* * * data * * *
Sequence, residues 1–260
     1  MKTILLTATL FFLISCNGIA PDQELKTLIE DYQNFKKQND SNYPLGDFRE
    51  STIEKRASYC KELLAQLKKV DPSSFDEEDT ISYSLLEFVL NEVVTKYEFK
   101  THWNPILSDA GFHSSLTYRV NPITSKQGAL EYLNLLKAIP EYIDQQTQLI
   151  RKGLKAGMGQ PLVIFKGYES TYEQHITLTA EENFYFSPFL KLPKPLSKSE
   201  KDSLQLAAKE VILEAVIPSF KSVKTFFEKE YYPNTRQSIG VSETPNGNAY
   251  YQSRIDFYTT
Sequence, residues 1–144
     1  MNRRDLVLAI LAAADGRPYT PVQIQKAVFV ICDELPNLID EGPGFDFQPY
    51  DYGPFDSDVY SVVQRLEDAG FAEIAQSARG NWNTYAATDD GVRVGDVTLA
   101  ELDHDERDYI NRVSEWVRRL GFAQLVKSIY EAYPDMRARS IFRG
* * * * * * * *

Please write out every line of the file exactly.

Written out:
Sequence, residues 1–260
     1  MKTILLTATL FFLISCNGIA PDQELKTLIE DYQNFKKQND SNYPLGDFRE
    51  STIEKRASYC KELLAQLKKV DPSSFDEEDT ISYSLLEFVL NEVVTKYEFK
   101  THWNPILSDA GFHSSLTYRV NPITSKQGAL EYLNLLKAIP EYIDQQTQLI
   151  RKGLKAGMGQ PLVIFKGYES TYEQHITLTA EENFYFSPFL KLPKPLSKSE
   201  KDSLQLAAKE VILEAVIPSF KSVKTFFEKE YYPNTRQSIG VSETPNGNAY
   251  YQSRIDFYTT
Sequence, residues 1–144
     1  MNRRDLVLAI LAAADGRPYT PVQIQKAVFV ICDELPNLID EGPGFDFQPY
    51  DYGPFDSDVY SVVQRLEDAG FAEIAQSARG NWNTYAATDD GVRVGDVTLA
   101  ELDHDERDYI NRVSEWVRRL GFAQLVKSIY EAYPDMRARS IFRG